Willow is such a versatile tree. There are thousands of willow varieties. Within them are basket making varieties specifically grown for the qualities we need such as pliability, size, colour and ease to grow and harvest. We are very lucky that these varieties have survived and are still available to us for use.
My Favourite varieties:
- Salix viminalis golden rod: Not good for doing a border as it is soft and kinks easily. I love it for it’s yellow colour.
- Brown Maul: dark chocolate brown willow, growing strong, sometimes too strong, but is beautifully flexible.
- Harrisson: Strong growing variety, light brown, good for bigger baskets, very flexible, lovely to work with.
- Lancashire dicks: Beautiful slender and small growing willow with a curve. Dries to a disappointing grey colour but my absolute favourite willow. It weaves like a dream!
- Brittany blue/green: Very reliable variety, the blue one dries to a dark black/blue hue, the green one a little lighter. Love it for colour. Grows not too tall.
- Salix alba vittelina: yellow willow variety when growing. Dries to a reddish brown colour. Good all rounder, great for colour. There is a subspecies called Chermissina. That one grows a little less tall for me, it is more red when growing but dries to the same colour as it’s parent, vittelina.
- Slender tips/ red tips: Heavy cropping variety of long slender rods with red tips. Grows not too tall, makes plenty of thin rods that are great to weave with.
- Salix alba daphnoides: A dark purple willow variety! I love it for colour. Can sometimes be a little bit harder to weave with and can grow a little too tall but definitely worth to grow for colour.
- Welsh white: A very pale heavy cropping rod, grows a little bit shorter and is mostly quite thick but again worth growing for it’s very pale, nearly white, colour. Not good for uprights as the skin can crack easily when kinked.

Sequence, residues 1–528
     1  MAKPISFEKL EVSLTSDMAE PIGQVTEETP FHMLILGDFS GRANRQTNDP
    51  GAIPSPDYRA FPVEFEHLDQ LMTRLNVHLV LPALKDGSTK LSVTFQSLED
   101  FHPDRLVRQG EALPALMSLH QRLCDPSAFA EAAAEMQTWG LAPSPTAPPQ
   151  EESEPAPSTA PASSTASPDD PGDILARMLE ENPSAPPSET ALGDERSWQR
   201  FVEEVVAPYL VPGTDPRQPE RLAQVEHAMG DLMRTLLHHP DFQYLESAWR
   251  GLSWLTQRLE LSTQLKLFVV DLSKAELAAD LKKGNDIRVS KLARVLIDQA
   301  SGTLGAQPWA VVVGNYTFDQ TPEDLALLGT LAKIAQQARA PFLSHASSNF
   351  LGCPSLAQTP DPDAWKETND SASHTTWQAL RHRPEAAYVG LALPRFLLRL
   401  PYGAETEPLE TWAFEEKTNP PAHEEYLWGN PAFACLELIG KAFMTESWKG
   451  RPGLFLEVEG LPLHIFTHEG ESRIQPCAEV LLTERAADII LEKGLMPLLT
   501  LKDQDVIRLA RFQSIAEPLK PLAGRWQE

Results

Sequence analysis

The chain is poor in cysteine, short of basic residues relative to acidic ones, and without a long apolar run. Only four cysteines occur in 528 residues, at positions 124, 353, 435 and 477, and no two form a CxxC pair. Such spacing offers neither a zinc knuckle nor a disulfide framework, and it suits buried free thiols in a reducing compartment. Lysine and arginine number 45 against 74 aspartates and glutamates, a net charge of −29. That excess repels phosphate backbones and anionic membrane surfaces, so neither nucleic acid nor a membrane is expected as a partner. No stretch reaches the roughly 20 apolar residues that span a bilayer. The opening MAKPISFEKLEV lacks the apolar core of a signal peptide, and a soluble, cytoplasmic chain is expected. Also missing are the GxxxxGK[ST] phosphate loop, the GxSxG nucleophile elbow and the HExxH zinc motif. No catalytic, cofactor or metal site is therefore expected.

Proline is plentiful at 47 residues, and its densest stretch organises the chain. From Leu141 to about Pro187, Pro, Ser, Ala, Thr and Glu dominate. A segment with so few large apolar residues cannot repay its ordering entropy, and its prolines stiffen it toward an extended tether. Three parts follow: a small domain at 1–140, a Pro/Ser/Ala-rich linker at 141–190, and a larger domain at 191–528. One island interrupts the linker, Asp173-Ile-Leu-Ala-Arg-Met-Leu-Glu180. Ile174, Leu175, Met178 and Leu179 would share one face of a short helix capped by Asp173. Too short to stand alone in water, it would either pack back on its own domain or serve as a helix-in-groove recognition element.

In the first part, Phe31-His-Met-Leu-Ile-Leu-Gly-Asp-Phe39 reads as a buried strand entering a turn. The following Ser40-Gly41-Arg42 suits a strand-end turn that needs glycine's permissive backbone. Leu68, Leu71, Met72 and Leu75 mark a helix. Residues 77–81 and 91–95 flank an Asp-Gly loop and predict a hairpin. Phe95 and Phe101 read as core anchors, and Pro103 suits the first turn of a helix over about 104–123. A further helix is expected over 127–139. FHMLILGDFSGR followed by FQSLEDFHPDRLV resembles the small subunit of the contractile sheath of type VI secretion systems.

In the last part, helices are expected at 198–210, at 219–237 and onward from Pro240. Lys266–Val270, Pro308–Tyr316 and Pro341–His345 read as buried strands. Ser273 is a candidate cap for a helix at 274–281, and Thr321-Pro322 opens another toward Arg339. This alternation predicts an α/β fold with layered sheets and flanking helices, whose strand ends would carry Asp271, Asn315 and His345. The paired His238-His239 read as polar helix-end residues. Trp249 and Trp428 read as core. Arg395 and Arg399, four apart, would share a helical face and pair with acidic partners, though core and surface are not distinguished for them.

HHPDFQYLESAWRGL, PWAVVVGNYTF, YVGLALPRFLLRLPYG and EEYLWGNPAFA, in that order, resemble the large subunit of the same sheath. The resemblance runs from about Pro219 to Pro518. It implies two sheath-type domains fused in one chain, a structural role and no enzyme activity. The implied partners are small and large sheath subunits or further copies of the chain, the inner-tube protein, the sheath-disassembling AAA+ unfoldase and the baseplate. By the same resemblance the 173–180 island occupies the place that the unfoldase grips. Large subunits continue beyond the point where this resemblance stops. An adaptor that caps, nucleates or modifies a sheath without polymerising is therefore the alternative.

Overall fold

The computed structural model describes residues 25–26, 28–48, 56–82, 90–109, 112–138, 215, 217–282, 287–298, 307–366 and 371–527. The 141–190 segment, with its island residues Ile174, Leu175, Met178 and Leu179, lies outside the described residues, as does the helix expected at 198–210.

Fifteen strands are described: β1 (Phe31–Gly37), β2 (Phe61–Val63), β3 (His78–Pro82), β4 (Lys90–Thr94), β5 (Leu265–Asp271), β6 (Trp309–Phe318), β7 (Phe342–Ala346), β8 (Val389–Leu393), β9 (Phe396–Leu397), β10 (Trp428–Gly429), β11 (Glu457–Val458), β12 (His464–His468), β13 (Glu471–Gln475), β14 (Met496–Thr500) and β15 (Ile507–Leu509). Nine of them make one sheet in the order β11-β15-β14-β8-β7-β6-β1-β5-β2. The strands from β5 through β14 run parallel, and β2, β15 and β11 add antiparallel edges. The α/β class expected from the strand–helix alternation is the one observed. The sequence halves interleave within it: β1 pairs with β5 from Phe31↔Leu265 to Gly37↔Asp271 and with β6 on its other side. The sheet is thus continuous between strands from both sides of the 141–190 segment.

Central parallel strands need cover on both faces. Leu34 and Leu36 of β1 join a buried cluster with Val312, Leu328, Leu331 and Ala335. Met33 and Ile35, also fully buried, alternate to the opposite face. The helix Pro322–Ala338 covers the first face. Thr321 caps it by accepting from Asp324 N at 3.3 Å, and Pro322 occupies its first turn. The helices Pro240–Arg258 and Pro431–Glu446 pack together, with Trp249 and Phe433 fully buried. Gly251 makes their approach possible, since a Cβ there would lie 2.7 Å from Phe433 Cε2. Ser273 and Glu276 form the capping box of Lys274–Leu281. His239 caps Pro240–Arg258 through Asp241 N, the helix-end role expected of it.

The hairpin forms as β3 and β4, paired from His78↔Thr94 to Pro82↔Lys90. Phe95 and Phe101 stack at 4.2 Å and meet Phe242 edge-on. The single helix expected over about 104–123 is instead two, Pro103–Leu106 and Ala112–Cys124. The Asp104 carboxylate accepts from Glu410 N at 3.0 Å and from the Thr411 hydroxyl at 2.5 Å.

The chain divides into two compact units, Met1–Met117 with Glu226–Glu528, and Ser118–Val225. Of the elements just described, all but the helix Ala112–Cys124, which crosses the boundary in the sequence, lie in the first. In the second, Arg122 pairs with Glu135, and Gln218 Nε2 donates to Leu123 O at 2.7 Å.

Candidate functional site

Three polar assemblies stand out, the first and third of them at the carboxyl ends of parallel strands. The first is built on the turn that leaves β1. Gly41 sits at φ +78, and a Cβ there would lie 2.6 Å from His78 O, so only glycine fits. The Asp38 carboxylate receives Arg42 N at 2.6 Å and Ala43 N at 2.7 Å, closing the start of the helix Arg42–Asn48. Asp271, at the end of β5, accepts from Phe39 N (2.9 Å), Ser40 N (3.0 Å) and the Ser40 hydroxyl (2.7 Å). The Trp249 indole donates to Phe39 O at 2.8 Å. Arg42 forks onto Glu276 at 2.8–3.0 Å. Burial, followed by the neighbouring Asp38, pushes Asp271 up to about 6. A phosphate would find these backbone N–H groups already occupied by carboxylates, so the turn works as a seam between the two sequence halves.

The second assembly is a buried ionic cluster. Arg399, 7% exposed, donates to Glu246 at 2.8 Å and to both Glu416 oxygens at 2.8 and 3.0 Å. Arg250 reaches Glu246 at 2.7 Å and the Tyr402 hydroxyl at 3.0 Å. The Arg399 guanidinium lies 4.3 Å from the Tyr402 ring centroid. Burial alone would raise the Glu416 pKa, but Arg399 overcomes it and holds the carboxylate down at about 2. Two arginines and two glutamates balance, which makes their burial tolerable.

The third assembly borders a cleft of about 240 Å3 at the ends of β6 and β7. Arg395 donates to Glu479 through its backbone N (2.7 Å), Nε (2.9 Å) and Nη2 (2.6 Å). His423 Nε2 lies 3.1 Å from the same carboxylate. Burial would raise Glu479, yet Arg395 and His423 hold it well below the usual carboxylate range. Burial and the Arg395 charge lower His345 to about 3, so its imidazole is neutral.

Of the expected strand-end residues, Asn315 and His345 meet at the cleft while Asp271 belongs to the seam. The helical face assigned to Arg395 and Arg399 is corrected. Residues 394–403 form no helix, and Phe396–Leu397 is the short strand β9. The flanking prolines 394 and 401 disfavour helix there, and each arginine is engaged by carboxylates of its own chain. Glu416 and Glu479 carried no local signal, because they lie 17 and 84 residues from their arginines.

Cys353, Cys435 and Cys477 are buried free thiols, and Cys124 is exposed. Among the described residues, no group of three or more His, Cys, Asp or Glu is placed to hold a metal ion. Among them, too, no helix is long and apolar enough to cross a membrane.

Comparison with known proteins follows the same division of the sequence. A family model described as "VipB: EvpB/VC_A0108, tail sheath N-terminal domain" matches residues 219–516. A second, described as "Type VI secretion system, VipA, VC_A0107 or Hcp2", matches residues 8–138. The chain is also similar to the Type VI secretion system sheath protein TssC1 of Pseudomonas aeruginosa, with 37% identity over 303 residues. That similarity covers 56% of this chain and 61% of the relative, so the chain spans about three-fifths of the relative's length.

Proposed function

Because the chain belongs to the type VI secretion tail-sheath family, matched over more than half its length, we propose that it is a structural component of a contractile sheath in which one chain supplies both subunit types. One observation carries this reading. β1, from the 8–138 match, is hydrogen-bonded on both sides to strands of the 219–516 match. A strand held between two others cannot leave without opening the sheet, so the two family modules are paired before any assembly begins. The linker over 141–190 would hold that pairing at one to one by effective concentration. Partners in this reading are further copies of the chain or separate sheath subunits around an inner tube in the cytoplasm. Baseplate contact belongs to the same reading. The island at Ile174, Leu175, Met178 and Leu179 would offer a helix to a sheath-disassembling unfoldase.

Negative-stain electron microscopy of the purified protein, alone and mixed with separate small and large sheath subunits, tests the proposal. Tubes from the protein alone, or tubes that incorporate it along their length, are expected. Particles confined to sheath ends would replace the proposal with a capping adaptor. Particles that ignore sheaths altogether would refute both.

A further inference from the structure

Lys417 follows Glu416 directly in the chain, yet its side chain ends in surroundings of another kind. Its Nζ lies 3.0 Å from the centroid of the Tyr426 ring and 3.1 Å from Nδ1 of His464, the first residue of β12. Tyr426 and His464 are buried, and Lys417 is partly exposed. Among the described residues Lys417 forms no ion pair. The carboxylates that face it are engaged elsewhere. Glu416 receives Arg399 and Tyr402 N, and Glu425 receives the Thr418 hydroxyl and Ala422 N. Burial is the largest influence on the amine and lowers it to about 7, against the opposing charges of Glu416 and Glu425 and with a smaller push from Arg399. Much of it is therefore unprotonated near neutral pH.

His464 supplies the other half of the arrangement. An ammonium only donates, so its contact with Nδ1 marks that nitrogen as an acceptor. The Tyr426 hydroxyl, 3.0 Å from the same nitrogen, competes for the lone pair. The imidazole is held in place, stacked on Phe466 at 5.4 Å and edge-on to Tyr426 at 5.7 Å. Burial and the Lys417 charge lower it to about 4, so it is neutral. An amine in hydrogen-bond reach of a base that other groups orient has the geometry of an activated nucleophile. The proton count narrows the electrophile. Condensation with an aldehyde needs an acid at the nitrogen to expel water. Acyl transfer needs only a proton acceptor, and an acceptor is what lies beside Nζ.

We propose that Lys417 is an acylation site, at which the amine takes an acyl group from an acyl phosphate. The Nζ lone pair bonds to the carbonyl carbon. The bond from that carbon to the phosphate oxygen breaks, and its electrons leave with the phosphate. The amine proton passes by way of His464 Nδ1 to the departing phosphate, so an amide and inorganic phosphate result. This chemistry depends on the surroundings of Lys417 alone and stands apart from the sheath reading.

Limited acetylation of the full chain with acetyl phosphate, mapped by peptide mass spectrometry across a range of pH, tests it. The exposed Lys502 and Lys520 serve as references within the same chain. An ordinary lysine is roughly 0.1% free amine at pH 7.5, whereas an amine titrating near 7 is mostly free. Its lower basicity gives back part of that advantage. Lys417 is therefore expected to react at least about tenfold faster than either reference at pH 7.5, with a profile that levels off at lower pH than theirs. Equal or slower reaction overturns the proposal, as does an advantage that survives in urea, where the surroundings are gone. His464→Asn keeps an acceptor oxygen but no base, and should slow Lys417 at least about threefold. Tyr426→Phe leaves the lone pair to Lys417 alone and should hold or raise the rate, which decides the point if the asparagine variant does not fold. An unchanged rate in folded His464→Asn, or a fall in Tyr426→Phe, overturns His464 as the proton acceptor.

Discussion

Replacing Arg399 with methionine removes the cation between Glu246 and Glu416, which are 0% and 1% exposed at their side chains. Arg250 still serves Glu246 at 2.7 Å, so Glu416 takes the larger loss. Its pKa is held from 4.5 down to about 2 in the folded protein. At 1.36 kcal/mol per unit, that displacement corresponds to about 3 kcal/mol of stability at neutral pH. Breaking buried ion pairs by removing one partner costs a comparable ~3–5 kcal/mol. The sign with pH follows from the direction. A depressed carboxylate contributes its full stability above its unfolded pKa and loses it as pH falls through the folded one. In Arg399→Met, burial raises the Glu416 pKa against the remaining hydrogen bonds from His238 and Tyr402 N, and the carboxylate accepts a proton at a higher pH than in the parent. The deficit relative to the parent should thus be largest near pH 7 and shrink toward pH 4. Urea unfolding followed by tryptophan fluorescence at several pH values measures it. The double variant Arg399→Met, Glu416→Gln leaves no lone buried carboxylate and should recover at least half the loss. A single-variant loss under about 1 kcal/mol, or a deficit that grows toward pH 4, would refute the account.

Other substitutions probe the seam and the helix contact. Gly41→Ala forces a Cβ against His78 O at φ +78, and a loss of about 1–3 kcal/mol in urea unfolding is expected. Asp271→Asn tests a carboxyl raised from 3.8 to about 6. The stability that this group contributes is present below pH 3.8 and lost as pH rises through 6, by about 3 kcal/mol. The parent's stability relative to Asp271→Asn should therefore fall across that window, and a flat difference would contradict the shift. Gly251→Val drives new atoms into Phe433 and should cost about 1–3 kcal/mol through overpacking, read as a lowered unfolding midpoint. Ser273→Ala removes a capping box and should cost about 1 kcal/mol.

- Tallow Triandra: A variety I got from Future Forests in co. Cork. It is chunky, dark brown with very obvious catkins. I love it because even though chunky it is flexible and dries to a lovely nearly purple brown. Great for uprights. Turns down a lovely border.
Where to get willow for cuttings and weaving:
- Most basket makers would have some willow growing or know someone who does. If you know a basket maker local to you ask for advice.
- Barry Noyce in Tipperary, his number is 086 8241393. He has a wide variety of willow varieties available and sells cuttings in the winter months.
- Future forests in co. Cork have basket making willow varieties for sale as cuttings. They are not great at labelling and named varieties. Their website is here
- The Organic Centre in Leitrim has some willow varieties for sale as cuttings. Their website is here
- Musgrove willow growers in Somerset, UK. https://www.musgrovewillows.co.uk/
- Somerset Willow Growers UK http://www.willowgrowers.co.uk/
- De Vos. Willow supplier in Belgium. Also posting to other European countries. http://devossalix.be/nl/
How to plant willow
Willow is one of the easiest trees to plant. Take your cutting, which is just a piece of a living willow tree of the variety you want to grow, and push it into the ground.
It is important though to keep weeds away from the growing stem. To do that most basket makers plant their willow through a weed suppressor. That could be plastic (like silage plastic) or the woven fabric weed suppressor (called mipex road stabiliser) or through a mulch (cardboard with woodchip/straw/hay or other material on top. This might have to be replaced annually)
The trees will need to establish for the first 3 years. After that weeds would usually be less of a problem as the tree growth will be dense and usually enough to shade out most weeds.